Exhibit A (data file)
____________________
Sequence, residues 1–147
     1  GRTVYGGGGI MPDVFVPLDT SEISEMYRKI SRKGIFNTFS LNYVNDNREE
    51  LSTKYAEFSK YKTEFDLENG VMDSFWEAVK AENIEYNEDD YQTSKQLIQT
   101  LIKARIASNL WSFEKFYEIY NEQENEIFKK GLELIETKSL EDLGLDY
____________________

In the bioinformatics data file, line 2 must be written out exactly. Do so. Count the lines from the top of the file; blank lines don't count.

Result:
     1  GRTVYGGGGI MPDVFVPLDT SEISEMYRKI SRKGIFNTFS LNYVNDNREE